How to spread the vanguard

30 March 2015

More than a decade has passed since the last significant change of the NHS provider landscape. In 2002 the then Secretary of State, Rt Hon Alan Milburn MP, announced the establishment of foundation trusts to reward successful NHS hospitals with more autonomy. It was a decisively national policy, addressing a relatively limited set of challenges.

While successful in parts, the concept of foundation trusts was not sufficiently transformative to address the complexity of challenges the health economy was, and still is, facing.

Vanguards are decisively local and intended to provide answers to a range of complex and diverse questions. If successful, they will change the NHS at its core. Ignore them at your peril.

Unlike simple structural changes such as foundation trusts, diffusing the outcomes of vanguards will require a more sophisticated strategy.

Firstly, success needs failure. We should expect a large proportion of vanguards to fail, at least in parts. Failure is desirable as long as we manage to capture the reasons. The opposite has happened in many parts of the NHS in the past, where pilots were not allowed to fail. The culture of “success at any cost” has wasted vital opportunities to learn and stopped the NHS taking sufficient risks. If every vanguard succeeds, the programme has also been insufficiently ambitious.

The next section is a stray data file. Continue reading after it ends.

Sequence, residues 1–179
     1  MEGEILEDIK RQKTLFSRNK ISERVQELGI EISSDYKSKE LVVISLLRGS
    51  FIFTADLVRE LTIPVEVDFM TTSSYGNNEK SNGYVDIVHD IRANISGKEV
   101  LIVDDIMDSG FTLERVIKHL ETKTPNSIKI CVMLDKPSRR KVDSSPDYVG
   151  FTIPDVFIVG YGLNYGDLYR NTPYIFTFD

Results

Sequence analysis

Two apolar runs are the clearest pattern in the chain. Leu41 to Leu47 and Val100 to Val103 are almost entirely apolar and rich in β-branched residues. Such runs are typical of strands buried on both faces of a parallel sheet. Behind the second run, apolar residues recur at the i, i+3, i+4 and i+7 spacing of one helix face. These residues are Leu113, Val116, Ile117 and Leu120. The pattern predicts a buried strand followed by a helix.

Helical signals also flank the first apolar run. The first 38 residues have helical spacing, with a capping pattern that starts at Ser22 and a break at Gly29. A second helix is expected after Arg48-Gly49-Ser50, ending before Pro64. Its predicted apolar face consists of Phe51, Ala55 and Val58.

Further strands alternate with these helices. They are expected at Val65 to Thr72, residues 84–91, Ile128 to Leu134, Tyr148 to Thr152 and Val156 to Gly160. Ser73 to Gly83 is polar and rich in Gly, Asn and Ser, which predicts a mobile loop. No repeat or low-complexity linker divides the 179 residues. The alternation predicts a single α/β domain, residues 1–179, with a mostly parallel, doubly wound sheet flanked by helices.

Second, learning requires evaluation. The UK has a very strong tradition in robust academic evaluation. However, much of this evidence turns out to be of less value when it comes to the diffusion of innovation. There are two particular issues. Firstly, the evidence generated is often what the evidence funders want to see rather than the end user. Funders are often academic bodies themselves; for example, the National Institute for Health Research and their interests do not always align with those of end users, such as NHS managers, procurement departments or those needing to implement change.  Secondly, much focus is given to outcomes, which is fair and proper. But little attention is paid to process evaluation and, even where it is, it is rarely written up in such a way that service providers can easily adopt it in their organisations.

Thirdly, we need to reward the “stealing” of ideas. Too much emphasis has gone towards the new and too little towards the adoption of the existing. Maybe it is time for an HSJ award for the most ideas copied by a provider?

Fourthly, and related to that previous point, we need to build an innovation fertile eco-system within provider and commissioning organisations. Today, in most organisations it is no one’s day job to scout systematically for innovation, and many staff feel disempowered to do so. Imperial College Health Partners is actively developing such an eco-system with its members, where we can learn from successful private sector organisations. If we want to spread the lessons from vanguards, we will need to create able and informed customers.

Finally, local innovation is laudable and will generate interesting ideas. At the end of the day, a national policy framework setting out expectations and enablers will be required to support the diffusion of innovation, and here the US Accountable Care experience may be of relevance.

Dr Axel Heitmueller, Director of Strategy and Commerce, Imperial College Health Partners



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